Kathmandu: from Playground to Chessboard?

“Kathmandu today is an entirely different city from the one almost levelled in 1934. It is now a densely populated home to almost 2.5 million people, many living and working in buildings that will not withstand a significant seismic event. An earthquake, experts say, could displace more than 1.8 million people, kill over 100,000 and injure a further 300,000. Sixty percent of buildings could be destroyed.” This is an extract from a report on the OCHA website, of an international conference, held in April 2013, when Nepalese and international disaster officials gathered to imagine ‘once again’ the humanitarian consequences of another earthquake, and to consider the response.

80 years after the disastrous 1934 earthquake, the warning signs were there. The meeting also worked out ways in which to mitigate the consequences of the earthquake. So why wasn’t Kathmandu ready?

Unfortunately, South Asian governments don’t seem to have the political will to  take tough decisions on proper planning, especially when it comes to ‘freak events’ like earthquakes. Nepal is the 16th poorest country in the world. It has had a decade of civil war,  that some believe was quietly abetted by its larger neighbours, but that’s another issue. The country hasn’t been able to redraft its constitution ever since it changed from a Hindu monarchy to a secular democracy. Then there is the matter of corruption and bribery that allows ‘unsafe’ construction to grow.

The 2015 Global Assessment Report on Disaster Risk Reduction (GAR15), prepared by the UN Office for Disaster Risk Reduction (UNISDR) released in march 2015 by the UN Secretary-General Ban Ki-moon, states that economic losses from disasters are now reaching an average of US$250 billion to US$300 billion annually.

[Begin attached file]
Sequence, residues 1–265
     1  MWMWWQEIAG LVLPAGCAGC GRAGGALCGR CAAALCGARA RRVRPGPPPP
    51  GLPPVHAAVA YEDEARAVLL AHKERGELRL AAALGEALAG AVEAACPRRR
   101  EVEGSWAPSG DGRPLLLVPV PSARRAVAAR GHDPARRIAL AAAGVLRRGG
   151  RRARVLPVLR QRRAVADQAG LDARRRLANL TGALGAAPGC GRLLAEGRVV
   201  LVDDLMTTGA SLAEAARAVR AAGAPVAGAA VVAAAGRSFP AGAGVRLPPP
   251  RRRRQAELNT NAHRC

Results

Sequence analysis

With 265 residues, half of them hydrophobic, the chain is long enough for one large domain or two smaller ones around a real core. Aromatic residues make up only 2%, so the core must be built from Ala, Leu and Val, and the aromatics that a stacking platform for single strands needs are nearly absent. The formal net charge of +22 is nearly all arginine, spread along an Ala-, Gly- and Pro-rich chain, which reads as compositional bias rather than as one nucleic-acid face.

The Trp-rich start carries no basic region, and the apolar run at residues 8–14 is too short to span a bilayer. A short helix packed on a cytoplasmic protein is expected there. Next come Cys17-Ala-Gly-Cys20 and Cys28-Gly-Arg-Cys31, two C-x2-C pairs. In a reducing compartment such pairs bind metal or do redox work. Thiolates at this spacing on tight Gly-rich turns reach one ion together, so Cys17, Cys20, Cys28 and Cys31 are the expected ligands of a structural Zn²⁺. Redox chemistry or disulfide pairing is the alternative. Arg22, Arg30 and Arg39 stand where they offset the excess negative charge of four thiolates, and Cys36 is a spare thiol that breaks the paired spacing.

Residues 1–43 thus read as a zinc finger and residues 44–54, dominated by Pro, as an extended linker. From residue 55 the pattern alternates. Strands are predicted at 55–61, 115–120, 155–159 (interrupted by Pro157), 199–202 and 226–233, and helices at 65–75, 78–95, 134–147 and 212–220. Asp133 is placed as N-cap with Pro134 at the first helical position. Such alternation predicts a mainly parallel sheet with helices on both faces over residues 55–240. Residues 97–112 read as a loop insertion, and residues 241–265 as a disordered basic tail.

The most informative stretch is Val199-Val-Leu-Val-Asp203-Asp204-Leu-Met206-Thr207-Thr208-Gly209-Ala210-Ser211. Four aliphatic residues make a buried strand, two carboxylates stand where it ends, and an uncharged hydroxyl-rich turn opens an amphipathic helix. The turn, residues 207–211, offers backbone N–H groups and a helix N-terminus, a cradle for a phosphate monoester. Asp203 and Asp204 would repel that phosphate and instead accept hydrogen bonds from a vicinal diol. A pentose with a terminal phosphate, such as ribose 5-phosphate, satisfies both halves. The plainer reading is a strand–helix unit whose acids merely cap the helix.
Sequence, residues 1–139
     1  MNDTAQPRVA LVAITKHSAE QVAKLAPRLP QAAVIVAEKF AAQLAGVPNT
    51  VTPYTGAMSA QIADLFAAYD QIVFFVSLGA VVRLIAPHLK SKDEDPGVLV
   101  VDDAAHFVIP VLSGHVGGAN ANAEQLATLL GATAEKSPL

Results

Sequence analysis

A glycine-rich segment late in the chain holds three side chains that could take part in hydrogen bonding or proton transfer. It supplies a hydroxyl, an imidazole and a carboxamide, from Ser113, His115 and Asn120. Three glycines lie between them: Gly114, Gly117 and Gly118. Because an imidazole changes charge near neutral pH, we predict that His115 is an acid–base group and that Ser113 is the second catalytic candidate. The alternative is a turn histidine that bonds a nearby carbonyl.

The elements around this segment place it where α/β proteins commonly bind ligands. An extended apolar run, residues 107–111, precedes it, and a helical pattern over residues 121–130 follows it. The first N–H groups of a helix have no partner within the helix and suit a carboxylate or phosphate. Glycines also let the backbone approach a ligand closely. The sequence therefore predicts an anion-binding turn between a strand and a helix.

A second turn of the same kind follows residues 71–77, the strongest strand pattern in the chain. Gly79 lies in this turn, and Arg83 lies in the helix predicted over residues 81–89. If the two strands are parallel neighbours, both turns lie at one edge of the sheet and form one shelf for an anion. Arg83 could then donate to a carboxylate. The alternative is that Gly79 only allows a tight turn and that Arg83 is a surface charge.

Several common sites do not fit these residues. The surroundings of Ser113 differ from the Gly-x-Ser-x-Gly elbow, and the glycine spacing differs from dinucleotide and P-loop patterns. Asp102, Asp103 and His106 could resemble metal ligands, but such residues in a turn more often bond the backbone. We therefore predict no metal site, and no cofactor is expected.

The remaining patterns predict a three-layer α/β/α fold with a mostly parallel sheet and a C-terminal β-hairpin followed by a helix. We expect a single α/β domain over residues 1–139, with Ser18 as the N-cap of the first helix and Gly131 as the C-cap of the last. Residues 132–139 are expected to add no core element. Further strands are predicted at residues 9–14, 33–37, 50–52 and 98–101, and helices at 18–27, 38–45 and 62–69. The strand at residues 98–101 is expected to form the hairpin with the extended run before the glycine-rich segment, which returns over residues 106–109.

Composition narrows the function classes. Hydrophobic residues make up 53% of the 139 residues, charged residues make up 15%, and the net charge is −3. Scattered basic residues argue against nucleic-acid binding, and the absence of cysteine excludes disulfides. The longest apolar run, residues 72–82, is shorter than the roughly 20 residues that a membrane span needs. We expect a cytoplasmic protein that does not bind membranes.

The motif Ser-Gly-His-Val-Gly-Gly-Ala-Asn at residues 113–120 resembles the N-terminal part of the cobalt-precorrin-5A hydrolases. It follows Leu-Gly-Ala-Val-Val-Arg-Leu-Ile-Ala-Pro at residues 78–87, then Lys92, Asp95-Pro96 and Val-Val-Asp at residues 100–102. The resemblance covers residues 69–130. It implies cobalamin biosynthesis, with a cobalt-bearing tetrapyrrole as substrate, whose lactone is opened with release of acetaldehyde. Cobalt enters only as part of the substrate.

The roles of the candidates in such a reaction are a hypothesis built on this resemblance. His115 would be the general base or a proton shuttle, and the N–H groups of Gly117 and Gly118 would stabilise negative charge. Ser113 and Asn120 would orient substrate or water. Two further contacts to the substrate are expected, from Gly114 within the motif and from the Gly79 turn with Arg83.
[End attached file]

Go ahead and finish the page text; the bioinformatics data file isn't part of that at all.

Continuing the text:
In connection with the report’s findings, the Secretary-General said: “We are playing with fire. There is a very real possibility that disaster risk, fuelled by climate change, will reach a tipping point beyond which the effort and resources necessary to reduce it will exceed the capacity of future generations.”

Relief operations are on, but as an editorial in the Guardian put it, this ‘callous disproportion between Everest as a playground for a certain kind of privileged westerner and the poverty of their hosts is nothing new.’

The world has started to respond, and India and China are doing their ‘big brother’ bit. But this is only the beginning of a long and hard road.  An earthquake lasts mere minutes. But in the debris lie lifetimes of hopes and plans.

Nepal has always been poor and has been seen as a pawn by China and India, that’s no secret. The earthquake ensures that Nepal will need  support for years to come. But Nepal, like never before, will become a diplomatic chess board because international aid rarely comes with no strings attached.

-Frank Krishner

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Posted by on April 30, 2015. Filed under Breaking News,COLUMNS,Editorial. You can follow any responses to this entry through the RSS 2.0. Both comments and pings are currently closed.

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